I was a medical student in the enclosure on my own in the 4-2 game when the 10 men won the league in the final match against Rangers in 1979. That night was perhaps the best feeling that I ever had as an adult Celtic supporter. It was utterly euphoric.

Ten Men won the League.

I left Scotland in 1984 to work for 2 years in a mission hospital in Mzuzu, Malawi, Central Africa and we had our first child there. We gave her a Malawian middle name and I would bet my house on the fact that she is the only Kirsty Chimwemwe McCarthy on the planet.

There was no TV in Malawi. No newspapers. When the 2 years was nearly up I asked my wife where in the world we should bring up our family. I was hesitant about returning to Scotland despite my fervent desire to be close to Parkhead. I now had a family. They came first.

A memory from 1980 still haunted me. I applied for a job as a doctor at the RAI hospital in Paisley. The medical consultant who interviewed me was I later learned an Orange Lodge Grand Master and Mason and season ticket holder at Ibrox.

There were 6 jobs available on a first come first hired basis. I was the very first appointment. He said “Your name is Patrick McCarthy and you want to work here?” Yes. I’m the first applicant, any reason I could not get the job. He replied That’s the point of this interview. I need to have full confidence in my staff. Tell me, what school did you go to? I replied For the last 5 years it was commonly called Glasgow Medical School. Yes but before that. That’s ancient history and not relevant for this job.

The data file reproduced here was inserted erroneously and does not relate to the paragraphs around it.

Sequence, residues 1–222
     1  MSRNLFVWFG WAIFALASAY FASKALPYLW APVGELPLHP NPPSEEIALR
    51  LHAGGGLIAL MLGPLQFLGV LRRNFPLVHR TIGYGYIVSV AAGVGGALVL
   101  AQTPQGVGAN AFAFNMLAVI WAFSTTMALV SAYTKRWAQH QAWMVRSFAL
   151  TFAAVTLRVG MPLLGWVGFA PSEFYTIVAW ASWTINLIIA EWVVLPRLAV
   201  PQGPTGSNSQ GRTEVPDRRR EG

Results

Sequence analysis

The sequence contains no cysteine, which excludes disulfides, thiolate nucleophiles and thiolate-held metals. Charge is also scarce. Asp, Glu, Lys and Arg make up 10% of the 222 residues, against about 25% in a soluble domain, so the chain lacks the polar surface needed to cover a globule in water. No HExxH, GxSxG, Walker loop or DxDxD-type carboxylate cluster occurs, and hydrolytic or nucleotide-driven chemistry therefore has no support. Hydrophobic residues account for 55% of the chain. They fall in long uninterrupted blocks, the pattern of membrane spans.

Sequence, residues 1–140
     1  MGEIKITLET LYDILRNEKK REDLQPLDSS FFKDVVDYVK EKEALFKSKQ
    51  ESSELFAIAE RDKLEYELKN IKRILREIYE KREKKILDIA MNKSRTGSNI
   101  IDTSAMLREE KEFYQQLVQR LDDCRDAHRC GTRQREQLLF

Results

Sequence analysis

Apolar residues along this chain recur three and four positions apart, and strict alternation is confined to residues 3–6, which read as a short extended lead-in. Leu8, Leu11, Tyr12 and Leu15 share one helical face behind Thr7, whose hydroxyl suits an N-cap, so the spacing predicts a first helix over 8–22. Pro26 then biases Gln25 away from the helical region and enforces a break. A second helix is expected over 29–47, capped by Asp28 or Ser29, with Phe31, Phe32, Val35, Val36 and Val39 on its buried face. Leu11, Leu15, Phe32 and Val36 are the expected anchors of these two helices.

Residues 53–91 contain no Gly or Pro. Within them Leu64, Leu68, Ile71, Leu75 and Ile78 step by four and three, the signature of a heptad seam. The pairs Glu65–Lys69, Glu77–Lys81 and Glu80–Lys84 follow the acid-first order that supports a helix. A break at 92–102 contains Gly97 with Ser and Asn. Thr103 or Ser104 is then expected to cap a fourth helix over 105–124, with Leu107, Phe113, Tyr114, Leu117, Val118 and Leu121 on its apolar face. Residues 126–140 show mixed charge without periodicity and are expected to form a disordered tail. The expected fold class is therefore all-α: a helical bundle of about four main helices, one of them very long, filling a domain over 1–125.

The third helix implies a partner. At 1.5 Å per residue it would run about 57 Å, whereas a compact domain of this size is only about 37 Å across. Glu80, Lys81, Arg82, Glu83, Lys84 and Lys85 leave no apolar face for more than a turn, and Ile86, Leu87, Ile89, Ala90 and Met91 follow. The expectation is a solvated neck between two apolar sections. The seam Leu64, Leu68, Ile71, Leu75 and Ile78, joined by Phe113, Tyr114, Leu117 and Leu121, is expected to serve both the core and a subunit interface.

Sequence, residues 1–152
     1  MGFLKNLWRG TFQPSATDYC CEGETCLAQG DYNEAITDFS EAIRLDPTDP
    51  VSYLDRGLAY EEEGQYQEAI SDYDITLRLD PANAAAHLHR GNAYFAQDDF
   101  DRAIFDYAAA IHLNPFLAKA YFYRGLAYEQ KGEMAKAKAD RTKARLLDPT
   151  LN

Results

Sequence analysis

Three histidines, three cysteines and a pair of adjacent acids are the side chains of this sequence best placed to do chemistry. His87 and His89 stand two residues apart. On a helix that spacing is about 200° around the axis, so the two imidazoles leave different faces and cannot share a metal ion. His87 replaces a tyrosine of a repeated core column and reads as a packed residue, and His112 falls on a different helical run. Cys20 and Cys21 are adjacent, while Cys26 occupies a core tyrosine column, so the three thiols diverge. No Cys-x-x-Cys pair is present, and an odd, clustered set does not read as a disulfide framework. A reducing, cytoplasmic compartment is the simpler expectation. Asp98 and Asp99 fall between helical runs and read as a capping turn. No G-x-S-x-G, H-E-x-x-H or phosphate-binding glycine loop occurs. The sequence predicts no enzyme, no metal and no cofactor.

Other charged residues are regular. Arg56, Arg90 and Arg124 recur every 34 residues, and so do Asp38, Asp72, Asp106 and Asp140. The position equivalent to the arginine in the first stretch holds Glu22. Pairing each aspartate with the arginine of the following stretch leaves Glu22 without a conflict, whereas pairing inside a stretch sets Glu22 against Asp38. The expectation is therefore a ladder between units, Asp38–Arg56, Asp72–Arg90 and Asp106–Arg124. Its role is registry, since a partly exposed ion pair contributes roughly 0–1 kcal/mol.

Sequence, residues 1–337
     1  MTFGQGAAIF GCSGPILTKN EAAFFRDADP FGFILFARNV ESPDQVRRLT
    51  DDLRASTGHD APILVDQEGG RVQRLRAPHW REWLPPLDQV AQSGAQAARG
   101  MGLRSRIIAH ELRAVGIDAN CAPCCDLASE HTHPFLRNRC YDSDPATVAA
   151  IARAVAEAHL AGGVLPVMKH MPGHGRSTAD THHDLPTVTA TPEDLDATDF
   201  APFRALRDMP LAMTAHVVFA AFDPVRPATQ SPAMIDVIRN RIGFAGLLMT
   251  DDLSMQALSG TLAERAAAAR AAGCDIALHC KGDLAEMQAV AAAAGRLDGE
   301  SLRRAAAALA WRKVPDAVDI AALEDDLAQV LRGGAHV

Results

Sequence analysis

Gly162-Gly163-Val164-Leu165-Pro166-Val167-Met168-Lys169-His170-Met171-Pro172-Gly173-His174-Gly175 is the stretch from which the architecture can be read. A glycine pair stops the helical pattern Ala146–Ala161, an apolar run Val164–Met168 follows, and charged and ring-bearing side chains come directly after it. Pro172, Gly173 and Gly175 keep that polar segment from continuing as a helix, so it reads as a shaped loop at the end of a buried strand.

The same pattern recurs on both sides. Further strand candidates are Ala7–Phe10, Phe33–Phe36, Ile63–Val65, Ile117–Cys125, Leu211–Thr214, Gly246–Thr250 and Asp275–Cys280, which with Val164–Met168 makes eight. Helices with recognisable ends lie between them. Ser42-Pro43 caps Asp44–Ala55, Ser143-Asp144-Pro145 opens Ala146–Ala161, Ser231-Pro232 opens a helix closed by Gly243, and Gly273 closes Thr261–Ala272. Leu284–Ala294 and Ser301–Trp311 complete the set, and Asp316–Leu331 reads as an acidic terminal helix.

“Ok so how many exams did you fail at University?”


“How many did you nearly fail?”

“None. so do I have the job?”

“Wait, bad handwriting. I cannot stand bad handwriting. Write something on this piece of paper but If I cannot read it then I’m sorry you cannot have the job.”

“I took the piece of paper and wrote on it ‘Yes I am a Catholic and I do want the job.” I gave it to him.”

He snorted. “That’s not the issue.”

“I know. It’s whether you can read my handwriting and you can read it.” Thanks for the job.”

I stuck out my right hand and he shook it with the weakest handshake I have ever experienced. I learned later that I was the first Catholic ever to be employed by him.

People told me then in 1980 that religious discrimination was on the way out in Glasgow. I did not believe them. I was right.

We decided to emigrate to New Zealand where jobs are given on ability and no-one cares what school you went to.

Hail hail.

Dr Pat

To be continued tomorrow on The Celtic Star.

Doctor Pat – Wellington, New Zealand – The Psychology of being a Celtic supporter for The Celtic Star, part 3 to follow on Thursday 13 May.

‘Fifty years after Milan, Feyenoord fans hear the Celtic story’ – Mike Maher

Coincidentally another New Zealand based Celtic support – Mike Maher, wrote an outstanding article on his trip to that second European Cup Final in Milan in May 1970 on The Celtic Star at the weekend and it really is an outstanding read….you can check it out HERE.

About Author

The Celtic Star founder and editor David Faulds has edited numerous Celtic books over the past decade or so including several from Lisbon Lions, Willie Wallace, Tommy Gemmell and Jim Craig. Earliest Celtic memories include a win over East Fife at Celtic Park and the 4-1 League Cup loss to Partick Thistle as a 6 year old. Best game? Easy 4-2, 1979 when Ten Men Won the League. Email